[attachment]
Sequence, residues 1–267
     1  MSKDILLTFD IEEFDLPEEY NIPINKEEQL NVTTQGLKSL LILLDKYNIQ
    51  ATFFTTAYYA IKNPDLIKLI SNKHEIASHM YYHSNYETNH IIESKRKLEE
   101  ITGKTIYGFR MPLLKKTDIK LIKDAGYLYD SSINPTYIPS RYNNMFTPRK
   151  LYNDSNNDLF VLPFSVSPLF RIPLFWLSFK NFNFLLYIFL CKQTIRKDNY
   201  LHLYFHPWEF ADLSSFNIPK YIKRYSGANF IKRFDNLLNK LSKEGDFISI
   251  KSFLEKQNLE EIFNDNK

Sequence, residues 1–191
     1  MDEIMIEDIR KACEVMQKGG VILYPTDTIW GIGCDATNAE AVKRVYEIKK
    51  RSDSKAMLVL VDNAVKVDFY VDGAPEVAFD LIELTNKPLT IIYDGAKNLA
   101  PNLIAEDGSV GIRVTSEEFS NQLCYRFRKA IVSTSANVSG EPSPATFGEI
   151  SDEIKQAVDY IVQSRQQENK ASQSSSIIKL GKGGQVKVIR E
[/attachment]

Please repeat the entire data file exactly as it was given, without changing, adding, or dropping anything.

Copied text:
Sequence, residues 1–267
     1  MSKDILLTFD IEEFDLPEEY NIPINKEEQL NVTTQGLKSL LILLDKYNIQ
    51  ATFFTTAYYA IKNPDLIKLI SNKHEIASHM YYHSNYETNH IIESKRKLEE
   101  ITGKTIYGFR MPLLKKTDIK LIKDAGYLYD SSINPTYIPS RYNNMFTPRK
   151  LYNDSNNDLF VLPFSVSPLF RIPLFWLSFK NFNFLLYIFL CKQTIRKDNY
   201  LHLYFHPWEF ADLSSFNIPK YIKRYSGANF IKRFDNLLNK LSKEGDFISI
   251  KSFLEKQNLE EIFNDNK

Sequence, residues 1–191
     1  MDEIMIEDIR KACEVMQKGG VILYPTDTIW GIGCDATNAE AVKRVYEIKK
    51  RSDSKAMLVL VDNAVKVDFY VDGAPEVAFD LIELTNKPLT IIYDGAKNLA
   101  PNLIAEDGSV GIRVTSEEFS NQLCYRFRKA IVSTSANVSG EPSPATFGEI
   151  SDEIKQAVDY IVQSRQQENK ASQSSSIIKL GKGGQVKVIR E